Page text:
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If you live or work in a city centre, you will know how stressful constant traffic noise can be. But adaptations to roads, tyres, vehicles and urban planning could reduce traffic noise to less than one-tenth current levels in towns and cities, say EU researchers. They have paved the way by developing an approach - along with new designs for road surfaces and tyres - to turn the volume down.
Published: 8 April 2015
Possible applications of traditional Chinese medicine in cancer treatments have been identified thanks to EU-funded research. The research team targeted some 100 compounds exhibiting potential anticancer activity. These are now being assessed through further research.
Published: 7 April 2015
Burning rubber is the last thing a driver wants to do to save fuel. In fact, tyres account for up to 15% of a vehicle's fuel consumption. An EU-backed project has developed new compounds, designs and treads for tyre manufacturing to slash this "rolling resistance" for the good of the transport sector and the environment.
Published: 16 March 2015
Published: 25 November 2014
EpiPGX is a FP7-funded project that brings together clinical researchers, geneticists and computational biologists from leading centres across Europe to link genomics and treatment outcomes for patients suffering from epileptic seizures. The project, led by Prof. Sanjay Sisodiya from the University College London, UK and running over four years, aims to ultimately contribute to a personalised medicine strategy for epilepsy patients.
Published: 20 November 2014
In today's rapidly changing economy, workers need to upgrade their skills constantly. Such continuous lifelong learning is essential to ensure Europeans have the complex problem-solving skills needed to remain employable and for companies to remain competitive. Backed by some of Europe's top universities, an EU-funded project has launched a free online course to teach these skills. Registration for the first course, which starts on 8 October 2014, is underway.
Published: 19 November 2014
Today, in most developed countries, a womans chance of getting breast cancer is 1 in 8. Clinical trials have shown that despite its effectiveness, chemotherapy can also cause long- term side-effects like secondary cancers, cardiac toxicity (damage caused to the heart by toxins), early menopause and a reduction in cognitive functions. It is also assumed that between 12 and 20% of early breast cancer patients are over-treated.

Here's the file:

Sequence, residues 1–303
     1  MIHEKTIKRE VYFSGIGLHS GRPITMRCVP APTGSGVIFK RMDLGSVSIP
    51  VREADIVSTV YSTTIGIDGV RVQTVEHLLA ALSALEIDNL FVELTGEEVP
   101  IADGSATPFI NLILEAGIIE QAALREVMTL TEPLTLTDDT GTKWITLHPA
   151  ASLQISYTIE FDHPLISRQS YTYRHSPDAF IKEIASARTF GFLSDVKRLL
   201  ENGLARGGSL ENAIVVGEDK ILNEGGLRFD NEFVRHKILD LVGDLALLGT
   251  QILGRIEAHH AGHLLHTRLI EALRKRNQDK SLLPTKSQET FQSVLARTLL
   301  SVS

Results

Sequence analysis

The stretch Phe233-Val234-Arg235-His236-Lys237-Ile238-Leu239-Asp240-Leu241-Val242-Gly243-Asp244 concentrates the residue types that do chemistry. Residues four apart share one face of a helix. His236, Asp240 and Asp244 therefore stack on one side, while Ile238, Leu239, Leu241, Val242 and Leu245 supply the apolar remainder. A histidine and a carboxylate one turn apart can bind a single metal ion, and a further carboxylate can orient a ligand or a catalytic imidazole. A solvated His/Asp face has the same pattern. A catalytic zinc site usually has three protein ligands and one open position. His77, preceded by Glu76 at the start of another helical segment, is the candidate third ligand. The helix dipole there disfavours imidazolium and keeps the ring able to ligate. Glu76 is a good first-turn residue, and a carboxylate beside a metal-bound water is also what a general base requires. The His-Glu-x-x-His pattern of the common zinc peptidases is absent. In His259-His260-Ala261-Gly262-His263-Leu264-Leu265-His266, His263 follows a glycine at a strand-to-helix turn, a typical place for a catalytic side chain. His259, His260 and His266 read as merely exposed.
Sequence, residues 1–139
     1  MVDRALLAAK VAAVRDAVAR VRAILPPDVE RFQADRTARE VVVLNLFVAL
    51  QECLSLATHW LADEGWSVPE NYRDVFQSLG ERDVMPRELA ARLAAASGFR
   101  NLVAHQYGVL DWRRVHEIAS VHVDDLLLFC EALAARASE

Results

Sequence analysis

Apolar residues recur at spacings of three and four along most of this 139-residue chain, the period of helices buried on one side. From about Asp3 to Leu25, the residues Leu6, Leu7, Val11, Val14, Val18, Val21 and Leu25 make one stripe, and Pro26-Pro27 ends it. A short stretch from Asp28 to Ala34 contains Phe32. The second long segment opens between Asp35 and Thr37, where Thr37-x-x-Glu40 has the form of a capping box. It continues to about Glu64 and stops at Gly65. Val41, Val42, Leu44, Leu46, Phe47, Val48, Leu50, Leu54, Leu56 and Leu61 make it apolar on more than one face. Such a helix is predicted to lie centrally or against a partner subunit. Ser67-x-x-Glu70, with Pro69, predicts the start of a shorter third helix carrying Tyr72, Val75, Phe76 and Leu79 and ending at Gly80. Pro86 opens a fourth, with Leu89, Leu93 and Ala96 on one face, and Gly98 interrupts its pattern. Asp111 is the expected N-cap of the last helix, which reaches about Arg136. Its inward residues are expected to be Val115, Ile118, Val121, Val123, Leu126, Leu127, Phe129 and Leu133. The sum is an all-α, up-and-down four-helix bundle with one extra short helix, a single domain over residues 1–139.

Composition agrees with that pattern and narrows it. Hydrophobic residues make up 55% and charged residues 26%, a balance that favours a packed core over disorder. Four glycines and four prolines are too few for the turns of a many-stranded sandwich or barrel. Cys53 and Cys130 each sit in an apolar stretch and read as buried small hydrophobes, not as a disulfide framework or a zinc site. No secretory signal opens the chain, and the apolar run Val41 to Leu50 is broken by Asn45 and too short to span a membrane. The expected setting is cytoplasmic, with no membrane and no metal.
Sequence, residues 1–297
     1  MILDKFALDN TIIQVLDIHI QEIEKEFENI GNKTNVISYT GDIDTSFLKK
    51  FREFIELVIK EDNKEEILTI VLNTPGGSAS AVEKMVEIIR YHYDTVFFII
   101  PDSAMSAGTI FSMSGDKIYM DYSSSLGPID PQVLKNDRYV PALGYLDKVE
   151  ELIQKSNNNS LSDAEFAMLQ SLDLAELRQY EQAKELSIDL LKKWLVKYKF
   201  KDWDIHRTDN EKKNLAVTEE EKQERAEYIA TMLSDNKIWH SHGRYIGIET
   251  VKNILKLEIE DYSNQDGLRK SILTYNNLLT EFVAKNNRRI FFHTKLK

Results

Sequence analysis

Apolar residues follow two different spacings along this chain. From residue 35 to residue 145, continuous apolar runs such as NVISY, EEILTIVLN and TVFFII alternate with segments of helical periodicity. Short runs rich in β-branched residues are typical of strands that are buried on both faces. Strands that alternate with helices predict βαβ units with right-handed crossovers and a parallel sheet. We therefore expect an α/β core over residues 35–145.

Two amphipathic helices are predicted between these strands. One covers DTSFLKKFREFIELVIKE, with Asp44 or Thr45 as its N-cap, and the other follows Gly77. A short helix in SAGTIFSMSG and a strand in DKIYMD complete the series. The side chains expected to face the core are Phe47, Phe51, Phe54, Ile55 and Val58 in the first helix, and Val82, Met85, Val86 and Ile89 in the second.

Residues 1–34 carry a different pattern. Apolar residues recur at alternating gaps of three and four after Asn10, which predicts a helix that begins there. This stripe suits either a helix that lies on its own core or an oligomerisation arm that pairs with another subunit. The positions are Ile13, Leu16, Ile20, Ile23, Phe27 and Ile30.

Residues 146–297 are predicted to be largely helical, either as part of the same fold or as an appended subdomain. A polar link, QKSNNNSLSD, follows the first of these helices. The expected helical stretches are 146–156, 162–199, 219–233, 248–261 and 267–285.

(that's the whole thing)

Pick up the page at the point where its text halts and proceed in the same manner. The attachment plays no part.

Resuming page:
Published: 27 October 2014
Forest fires are one of the greatest threats to Europe's woodlands, and their incidence is expected to increase as a result of climate change. Successfully preventing forest fires has become more important than ever. However, it remains a challenge for governments - also because forest fires tend not to respect national borders.
Published: 13 October 2014
The European FP7 project DeCanbio brought together a consortium of clinicians and researchers in genomics, proteomics and bioinformatics to identify and validate biomarkers that hint at a recurring bladder cancer. The Centre de Recherche de la Santé (CRP-Santé) joined forces with researchers and clinicians from France, Spain, Greece, Switzerland, and Germany to develop a simple test to spot this.
Published: 8 October 2014
Lung infections are one of the most common illnesses to potentially endanger the lives of prematurely born children. Babies born before their term can frequently suffer from Chronic Lung Disease of Prematurity (CLD) or Broncho-pulmonary Dysplasia (BPD), and clinicians treating these infants might be forced to use drugs that are meant for use with older children and adults, but whose effects with neo-natal patients are unknown. The European Union (EU)-funded research project TINN2 seeks to solve this problem.
Published: 7 October 2014